According to The Guardian, it’s no longer enough for brands to just deliver a good product and be trustworthy. Consumers want brands to represent something bigger than themselves.
According to Edelman’s Brandshare report 87% of respondents around the world say they want a “meaningful relationship” with brands. Harvard Business Review found that only 23% of consumers feel that they have one. If your customer feels they have no real connection to your company, they will move on to a competitor. It’s inevitable.
So what makes a brand really significant? The suggestion is that it’s the ones that are conscious of their impact and run by people with belief in a greater purpose – be it social or ecological. These are brands that want to generate “loyalty beyond reason” and ultimately, beyond profits.
HOW CAN THIS BE ACHIEVED?
A) DO GOOD
Today, corporate social responsibility (CSR) campaigns have become an essential marketing tool. Brands have come to realise that they can kill two birds with one stone by making our lives easier and the world a better place. Think: household coffee company Kenco launched a campaign called Coffee versus Gangs, taking on gang culture in Honduras. This initiative was geared towards providing coffee farmer training to young people, helping to keep them out of the gangs that blight Honduran society. Or, Toms, the fashionable footwear company, showed style does not have to be without substance: the company announced for every pair of shoes bought it would donate a new pair to a child in need. Recently it went a step further by launching an eyewear range that operates in the same vein: for each pair of glasses sold, eyecare will be provided for those most in need.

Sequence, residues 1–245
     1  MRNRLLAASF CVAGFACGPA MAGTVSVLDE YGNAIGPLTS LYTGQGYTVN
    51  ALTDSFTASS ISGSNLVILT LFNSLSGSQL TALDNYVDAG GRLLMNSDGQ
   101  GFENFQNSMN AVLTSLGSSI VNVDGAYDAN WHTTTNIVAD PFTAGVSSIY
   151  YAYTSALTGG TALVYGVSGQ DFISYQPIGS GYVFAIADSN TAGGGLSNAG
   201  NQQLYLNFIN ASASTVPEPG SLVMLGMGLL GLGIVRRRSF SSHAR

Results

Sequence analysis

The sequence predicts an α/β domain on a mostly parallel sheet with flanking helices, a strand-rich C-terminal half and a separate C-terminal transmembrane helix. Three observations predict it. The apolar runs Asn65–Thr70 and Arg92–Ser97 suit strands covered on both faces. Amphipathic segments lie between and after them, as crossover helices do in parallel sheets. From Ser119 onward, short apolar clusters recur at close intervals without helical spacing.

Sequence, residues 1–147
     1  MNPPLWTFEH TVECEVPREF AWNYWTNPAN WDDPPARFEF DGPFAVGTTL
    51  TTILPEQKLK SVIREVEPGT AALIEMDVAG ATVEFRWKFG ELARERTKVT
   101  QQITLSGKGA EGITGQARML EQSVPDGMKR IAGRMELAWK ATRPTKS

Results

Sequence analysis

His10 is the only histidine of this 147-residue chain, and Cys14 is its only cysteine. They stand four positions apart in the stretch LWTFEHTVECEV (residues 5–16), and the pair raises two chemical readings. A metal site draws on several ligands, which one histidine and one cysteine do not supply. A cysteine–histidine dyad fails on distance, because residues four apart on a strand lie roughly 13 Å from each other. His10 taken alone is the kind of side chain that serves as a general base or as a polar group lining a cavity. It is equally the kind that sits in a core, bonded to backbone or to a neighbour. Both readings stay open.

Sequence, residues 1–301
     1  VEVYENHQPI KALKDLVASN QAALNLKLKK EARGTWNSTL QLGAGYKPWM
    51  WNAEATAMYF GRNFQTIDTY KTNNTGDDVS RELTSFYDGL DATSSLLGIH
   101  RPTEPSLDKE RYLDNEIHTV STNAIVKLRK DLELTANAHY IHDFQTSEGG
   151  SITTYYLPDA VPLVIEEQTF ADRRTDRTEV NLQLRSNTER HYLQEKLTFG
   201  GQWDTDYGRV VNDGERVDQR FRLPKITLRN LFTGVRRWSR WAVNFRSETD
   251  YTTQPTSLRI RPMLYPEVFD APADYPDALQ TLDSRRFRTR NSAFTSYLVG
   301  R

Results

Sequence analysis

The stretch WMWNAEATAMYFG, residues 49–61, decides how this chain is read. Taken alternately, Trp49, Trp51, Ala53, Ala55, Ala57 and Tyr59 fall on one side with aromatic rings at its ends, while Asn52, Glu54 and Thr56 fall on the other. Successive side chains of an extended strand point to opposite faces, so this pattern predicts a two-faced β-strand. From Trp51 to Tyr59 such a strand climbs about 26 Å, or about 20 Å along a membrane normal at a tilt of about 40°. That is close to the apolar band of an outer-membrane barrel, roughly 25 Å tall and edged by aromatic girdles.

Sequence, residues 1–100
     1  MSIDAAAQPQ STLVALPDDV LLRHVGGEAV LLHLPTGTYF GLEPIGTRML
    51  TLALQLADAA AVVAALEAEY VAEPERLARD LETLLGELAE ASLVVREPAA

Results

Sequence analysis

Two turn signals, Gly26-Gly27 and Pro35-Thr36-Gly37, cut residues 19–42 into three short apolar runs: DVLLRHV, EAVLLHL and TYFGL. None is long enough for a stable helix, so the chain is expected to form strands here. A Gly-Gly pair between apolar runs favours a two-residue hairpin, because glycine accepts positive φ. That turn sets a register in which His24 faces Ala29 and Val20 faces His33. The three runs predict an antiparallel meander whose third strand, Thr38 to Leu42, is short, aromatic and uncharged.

B) BE SINCERE
It’s necessary for a brand to have a purpose more engaging than profits, but any old cause won’t do. The cause should be rooted in the brand, it should make sense to customers and it should have a practical, shareable outcome. Employee engagement can be difficult to inspire and consumers are quick to judge and slow to forget if they believe a campaign to be disingenuous. Social media has inevitably become the best litmus test for CSR campaigns so make use of it. If the cause is the right one and approached the right way, employees and customers will share it, reinforcing the brand and the message every time.
It’s also worth noting that while globally significant good-cause campaigns can have immense impact on brand perception, smaller, more tactical efforts can be just as powerful on social media. Oasis and UPS are two examples of companies that took this quick-win digital approach – the first with their #springasmile campaign and the latter with Your Wishes Delivered. Oasis invited consumers on their social channels to spin the wheel and do a randomly generated good deed, before inviting three friends to do the same. UPS encouraged their American customers to tweet “wishes” at them and then delivered gifts to customers in need.